The great computer chip shortage certainly isn’t ending anytime soon. Unlike other supply chain strains, which have been exacerbated within the past two months, the microchips required to make new cars have been desperately behind the production schedule for most of this year. 

CivicScience studied consumer auto attitudes over the summer, and since then, the major auto companies faced significant losses and the used market continues to be a viciously competitive space. The last time we checked in on the likelihood of consumers buying or leasing a new car in the next 90 days, the data showed a slight uptick over the past two quarters. But in Q3 2021, the number of consumers at least somewhat likely to get a new car doubled year-over-year compared to Q3 2020, when just 10% of Americans were considering a car purchase.

That’s a pretty drastic accumulation of prospective car buyers, and even if a majority of Americans aren’t currently looking for new cars, they’re concerned about the situation. Two-thirds of adults are at least somewhat concerned about the chip shortages, and 25% are very concerned — the latter of which aligns closely with purchasing likelihood.

Truck shoppers are the most likely to rate as “very concerned” about the ongoing chip shortage, but prospective sedan buyers have the highest overall level of concern. For much of the year, automakers like GM were able to prioritize pickup trucks and SUVs for new car manufacturing, but the chip shortage caught up in Q3, forcing most companies to slow production on all new models.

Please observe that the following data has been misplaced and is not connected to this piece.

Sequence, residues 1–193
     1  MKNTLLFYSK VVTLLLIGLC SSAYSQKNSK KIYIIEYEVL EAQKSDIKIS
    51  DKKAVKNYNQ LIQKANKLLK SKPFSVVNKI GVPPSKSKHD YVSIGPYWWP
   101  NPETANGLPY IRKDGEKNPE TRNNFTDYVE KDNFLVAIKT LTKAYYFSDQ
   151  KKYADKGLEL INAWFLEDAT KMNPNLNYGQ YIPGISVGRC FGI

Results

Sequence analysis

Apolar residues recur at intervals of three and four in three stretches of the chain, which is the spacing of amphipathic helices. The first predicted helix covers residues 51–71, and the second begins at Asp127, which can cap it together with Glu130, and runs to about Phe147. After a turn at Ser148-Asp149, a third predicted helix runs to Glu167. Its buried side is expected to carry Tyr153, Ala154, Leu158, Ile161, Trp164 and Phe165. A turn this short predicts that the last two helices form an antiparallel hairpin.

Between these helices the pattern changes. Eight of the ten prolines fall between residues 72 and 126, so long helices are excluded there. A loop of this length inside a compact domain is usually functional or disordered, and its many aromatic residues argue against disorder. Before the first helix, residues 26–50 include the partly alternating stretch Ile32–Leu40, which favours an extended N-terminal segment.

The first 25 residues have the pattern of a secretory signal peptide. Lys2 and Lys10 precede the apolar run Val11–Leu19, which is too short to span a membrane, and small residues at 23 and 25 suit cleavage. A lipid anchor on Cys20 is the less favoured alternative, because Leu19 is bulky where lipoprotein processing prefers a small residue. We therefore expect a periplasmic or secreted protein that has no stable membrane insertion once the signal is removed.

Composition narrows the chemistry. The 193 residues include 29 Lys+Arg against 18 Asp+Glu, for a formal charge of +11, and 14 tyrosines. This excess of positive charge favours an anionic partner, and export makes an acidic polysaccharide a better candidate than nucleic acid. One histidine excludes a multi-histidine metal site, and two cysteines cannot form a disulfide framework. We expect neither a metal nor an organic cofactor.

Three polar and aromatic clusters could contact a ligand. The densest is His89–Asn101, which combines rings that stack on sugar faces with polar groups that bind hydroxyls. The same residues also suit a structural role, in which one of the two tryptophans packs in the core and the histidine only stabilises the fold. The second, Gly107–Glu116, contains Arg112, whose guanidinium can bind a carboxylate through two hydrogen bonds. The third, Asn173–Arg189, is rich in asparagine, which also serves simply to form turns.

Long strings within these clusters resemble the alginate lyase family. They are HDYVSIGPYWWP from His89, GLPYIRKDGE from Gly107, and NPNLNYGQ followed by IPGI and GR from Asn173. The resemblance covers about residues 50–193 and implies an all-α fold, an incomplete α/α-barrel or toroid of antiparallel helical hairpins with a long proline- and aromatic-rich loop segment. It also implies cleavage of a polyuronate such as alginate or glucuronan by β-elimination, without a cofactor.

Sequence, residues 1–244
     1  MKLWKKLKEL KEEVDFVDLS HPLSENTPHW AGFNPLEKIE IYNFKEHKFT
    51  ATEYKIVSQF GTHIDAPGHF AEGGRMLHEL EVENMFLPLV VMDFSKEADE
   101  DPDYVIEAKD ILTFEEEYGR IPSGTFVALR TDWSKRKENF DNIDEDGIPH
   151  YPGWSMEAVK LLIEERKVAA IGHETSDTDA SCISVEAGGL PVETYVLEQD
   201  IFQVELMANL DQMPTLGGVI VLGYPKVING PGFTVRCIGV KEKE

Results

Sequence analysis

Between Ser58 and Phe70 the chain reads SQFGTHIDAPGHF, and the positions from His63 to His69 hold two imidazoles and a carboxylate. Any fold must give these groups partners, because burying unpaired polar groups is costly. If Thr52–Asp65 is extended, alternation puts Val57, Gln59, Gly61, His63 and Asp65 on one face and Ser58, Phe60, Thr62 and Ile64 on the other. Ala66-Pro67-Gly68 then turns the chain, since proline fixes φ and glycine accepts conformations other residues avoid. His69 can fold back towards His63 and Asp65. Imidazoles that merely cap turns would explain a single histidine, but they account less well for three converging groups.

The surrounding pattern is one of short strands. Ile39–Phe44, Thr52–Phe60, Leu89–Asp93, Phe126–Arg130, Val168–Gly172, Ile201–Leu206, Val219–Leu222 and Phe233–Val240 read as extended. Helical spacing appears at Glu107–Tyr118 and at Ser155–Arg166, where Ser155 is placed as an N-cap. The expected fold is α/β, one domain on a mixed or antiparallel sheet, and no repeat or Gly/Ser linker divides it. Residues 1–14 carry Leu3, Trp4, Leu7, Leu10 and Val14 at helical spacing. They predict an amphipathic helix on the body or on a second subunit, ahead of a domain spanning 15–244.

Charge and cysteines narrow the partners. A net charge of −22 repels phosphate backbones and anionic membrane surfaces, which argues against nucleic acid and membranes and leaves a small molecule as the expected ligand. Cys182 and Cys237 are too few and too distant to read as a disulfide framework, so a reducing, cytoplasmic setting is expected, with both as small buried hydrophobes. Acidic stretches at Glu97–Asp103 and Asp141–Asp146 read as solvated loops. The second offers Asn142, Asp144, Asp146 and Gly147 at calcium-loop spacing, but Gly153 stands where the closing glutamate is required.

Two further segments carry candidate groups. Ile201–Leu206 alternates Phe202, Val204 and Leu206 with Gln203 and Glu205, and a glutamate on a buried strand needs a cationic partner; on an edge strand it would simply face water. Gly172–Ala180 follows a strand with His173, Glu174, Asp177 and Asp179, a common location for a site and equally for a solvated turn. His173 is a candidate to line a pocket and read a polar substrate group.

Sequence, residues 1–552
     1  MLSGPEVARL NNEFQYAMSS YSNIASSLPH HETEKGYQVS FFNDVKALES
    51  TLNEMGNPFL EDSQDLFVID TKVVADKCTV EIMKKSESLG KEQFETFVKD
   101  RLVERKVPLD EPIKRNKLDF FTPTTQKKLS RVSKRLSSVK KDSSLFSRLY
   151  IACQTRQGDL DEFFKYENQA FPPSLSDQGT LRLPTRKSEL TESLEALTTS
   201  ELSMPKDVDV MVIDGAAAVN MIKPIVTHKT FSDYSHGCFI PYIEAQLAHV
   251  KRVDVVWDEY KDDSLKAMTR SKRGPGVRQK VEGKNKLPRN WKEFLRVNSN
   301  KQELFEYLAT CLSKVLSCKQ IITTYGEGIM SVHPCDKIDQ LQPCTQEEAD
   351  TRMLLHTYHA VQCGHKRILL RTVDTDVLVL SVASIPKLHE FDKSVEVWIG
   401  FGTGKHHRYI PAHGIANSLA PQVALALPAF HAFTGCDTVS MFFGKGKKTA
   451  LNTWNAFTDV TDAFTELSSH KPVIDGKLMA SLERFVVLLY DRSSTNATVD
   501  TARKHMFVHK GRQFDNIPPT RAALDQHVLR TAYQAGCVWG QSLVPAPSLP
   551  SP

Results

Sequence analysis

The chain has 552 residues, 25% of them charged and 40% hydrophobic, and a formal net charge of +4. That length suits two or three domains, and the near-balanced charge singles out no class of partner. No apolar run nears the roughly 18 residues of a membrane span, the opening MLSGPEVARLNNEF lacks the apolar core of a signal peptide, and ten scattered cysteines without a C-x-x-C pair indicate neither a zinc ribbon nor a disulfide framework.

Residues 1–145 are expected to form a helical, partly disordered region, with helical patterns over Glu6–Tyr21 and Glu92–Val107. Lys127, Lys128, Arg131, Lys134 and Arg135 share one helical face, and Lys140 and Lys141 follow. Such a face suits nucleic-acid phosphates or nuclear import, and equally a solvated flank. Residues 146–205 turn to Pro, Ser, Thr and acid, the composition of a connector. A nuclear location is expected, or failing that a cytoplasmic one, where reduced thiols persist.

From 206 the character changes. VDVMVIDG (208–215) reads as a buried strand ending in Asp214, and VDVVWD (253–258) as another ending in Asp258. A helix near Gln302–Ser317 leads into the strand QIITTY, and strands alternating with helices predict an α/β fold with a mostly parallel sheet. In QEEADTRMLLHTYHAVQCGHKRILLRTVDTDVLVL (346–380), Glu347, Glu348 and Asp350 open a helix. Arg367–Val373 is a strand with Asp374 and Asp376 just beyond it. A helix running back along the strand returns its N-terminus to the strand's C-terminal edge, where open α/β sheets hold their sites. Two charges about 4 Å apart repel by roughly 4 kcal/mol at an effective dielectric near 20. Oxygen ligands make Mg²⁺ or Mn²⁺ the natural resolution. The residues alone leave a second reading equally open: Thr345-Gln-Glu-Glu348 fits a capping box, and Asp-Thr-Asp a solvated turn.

Prospective truck owners are also the most likely to have been impacted personally by chip shortages at new and used dealerships. While trucks outpace all other types of vehicle in chip impact and intent to buy, the chip shortage becoming more widespread will likely equalize these numbers across car types in the future.

Compared to the August study, Americans are currently less flexible with their car-buying budget. Instead of exploring a wider price range, as you might expect when an in-demand product is hard to come by, Americans are perhaps less willing to shell out above-market value for worse than their desired vehicle. Chalk it up to the worsening shortage, the looming holiday season, the fragile economic recovery, the frenetic used car market, or any combination of those factors.

Although the supply chain crisis could theoretically resolve itself in the coming months, automakers are bracing for an equally bumpy 2022. Car buyers in a pinch may not have the luxury of choice when it comes to make and model for the foreseeable future.